In a long, contradictory speech today, Libyan strongman Muammar el-Qaddafi blamed the uprising in his country on both al-Qaida seeking to create an Islamic state in Libya and a Western “colonial attempt." He denied that protests are under way while urging Libyans to "refrain from fighting back."
Speaking to a room of supporters, Qaddafi insisted there were al-Qaida operatives in the town where anti-government protests began. "The dormant cell in Bayda launched an attack against the local battalion and police stations," he said, according to a BBC translation. These extremists were also in Zawiya, Benghazi, and Misurata, but have now "slipped out of Libya," he said.
"They acknowledge no nationality. They believe the Islamic world is home to all," he said.
Qaddafi repeatedly insisted that Libyans did not, in fact, rise up at all. “It is a total lie. No demonstrations took place in any place,” he said, according to an Al Jazeera English live translation. “It is a conspiracy... to occupy Libya once again. We will fight to the last drop of blood to defend the Libyan territory inch by inch."
Qaddafi harped on the anti-imperialist theme before again insisting the demonstrations were overblown, “magnified and falsified” by the media. “The journalists are urging me,” he said. “I told them it could be a colonial attempt, or an attempt to control the oil fields or control vast areas within the Libyan oil fields.”
Qaddafi warned that if the U.S. or other foreign powers enter Libya, a lot of blood will be shed, according to the Reuters translation. As of now, Qaddafi said no more than 150 have been killed.
News reports estimate that anywhere from 1,000 to 2,000 people have been killed in the violence.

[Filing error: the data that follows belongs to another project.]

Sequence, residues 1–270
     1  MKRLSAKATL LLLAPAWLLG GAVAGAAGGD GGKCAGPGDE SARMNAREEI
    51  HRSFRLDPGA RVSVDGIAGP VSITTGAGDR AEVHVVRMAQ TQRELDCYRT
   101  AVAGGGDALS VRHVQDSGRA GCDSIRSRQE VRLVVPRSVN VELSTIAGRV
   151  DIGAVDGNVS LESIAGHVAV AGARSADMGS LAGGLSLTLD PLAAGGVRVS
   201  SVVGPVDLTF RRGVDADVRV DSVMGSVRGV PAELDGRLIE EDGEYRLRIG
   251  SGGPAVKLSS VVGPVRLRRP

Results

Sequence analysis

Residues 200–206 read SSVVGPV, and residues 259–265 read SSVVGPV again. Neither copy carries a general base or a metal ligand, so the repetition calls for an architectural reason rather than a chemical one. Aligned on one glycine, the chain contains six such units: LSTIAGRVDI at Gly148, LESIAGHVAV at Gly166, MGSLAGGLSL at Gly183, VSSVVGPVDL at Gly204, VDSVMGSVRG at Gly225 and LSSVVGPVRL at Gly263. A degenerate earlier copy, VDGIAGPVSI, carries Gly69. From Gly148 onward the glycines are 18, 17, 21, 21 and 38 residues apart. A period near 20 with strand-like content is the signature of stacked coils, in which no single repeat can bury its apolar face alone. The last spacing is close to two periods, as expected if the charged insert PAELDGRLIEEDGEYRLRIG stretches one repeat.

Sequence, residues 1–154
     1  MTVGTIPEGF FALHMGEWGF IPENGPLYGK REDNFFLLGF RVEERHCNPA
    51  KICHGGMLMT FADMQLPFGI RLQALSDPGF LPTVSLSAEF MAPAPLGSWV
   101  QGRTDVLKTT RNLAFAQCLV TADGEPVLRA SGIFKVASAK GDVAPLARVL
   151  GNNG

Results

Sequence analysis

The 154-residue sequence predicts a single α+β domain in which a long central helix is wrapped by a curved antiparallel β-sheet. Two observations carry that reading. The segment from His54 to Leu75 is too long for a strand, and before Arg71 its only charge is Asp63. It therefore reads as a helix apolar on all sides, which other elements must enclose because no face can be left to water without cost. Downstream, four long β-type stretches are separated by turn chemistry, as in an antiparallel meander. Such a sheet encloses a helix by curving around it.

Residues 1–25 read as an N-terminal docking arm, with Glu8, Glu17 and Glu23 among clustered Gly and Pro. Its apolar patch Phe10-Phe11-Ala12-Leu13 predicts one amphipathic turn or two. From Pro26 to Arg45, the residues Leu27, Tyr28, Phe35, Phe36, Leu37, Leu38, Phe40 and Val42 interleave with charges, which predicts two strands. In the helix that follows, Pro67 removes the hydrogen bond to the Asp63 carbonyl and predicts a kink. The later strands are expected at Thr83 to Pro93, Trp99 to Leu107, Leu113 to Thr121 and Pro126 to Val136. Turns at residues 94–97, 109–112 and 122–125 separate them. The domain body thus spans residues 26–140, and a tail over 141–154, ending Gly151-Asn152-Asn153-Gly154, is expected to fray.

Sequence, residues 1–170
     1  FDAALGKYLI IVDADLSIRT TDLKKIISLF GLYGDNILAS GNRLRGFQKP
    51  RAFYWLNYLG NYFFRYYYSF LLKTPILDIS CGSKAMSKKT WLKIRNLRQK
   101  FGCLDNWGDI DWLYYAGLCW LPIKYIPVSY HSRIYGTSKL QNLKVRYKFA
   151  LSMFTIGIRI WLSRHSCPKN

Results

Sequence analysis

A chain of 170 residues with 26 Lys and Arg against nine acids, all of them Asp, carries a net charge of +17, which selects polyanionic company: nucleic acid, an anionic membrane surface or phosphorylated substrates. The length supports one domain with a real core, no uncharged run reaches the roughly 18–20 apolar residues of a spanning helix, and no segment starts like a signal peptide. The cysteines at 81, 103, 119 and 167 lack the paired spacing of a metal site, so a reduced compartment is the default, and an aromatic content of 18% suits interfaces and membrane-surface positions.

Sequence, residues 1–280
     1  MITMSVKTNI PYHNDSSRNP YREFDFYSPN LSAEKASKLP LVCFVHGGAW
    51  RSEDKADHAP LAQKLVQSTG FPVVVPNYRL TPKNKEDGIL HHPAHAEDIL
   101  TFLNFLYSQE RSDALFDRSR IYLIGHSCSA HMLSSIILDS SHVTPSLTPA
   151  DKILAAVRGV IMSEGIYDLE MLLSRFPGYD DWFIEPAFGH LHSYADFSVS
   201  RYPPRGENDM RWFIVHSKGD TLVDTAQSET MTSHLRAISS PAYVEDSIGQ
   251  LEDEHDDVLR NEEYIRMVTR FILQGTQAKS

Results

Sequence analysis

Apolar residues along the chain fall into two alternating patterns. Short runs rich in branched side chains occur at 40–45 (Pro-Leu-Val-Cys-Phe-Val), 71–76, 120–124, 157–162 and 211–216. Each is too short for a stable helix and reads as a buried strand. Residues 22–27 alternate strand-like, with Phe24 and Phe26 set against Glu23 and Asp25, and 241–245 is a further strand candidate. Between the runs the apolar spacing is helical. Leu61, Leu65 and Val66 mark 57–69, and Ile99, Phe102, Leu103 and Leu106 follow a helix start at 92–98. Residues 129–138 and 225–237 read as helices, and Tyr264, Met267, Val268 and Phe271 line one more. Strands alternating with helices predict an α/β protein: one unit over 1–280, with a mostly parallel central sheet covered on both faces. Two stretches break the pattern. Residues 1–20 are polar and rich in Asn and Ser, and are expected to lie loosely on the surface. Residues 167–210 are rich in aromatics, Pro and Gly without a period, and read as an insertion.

Qaddafi invited the United Nations and NATO to investigate what has happened in Libya. "How can the United Nations take decisions based on 100 percent false news?" he asked. Yet, at the same time, he issued an ominous warning to Libyans: “Refrain from fighting back.”
While the protesters against him may be getting international coverage, Qaddafi said, “people are demonstrating against them, in support of me... but they are under curfew imposed by the force of rifle” and thus less visible.
And Qaddafi insisted he has "no position from which to step down."
"The Libyan system is a system of people's authority, people's congresses and people's committees," Qaddafi said, according to the BBC translation. "It's not a system of president, government, political party, or class. Whoever wants to verify that, let him come here and we will challenge him and stick our fingers in his eyes with force. We challenge him to come the Libyan people and find out the truth.... The people are the master. They have the authority and the decision.... This regime, which the world does not understand, is the regime of the people's authority."
Defense Secretary Robert Gates was asked on Tuesday if he thought there was any chance that Qaddafi would be prepared to leave voluntarily, or if his ouster would only come by force, whether by rebels or U.N. sanctions or Western intervention.
Gates replied, "Well, all I can say is that sometimes you actually have to listen to what people say. And he's saying he's not leaving."
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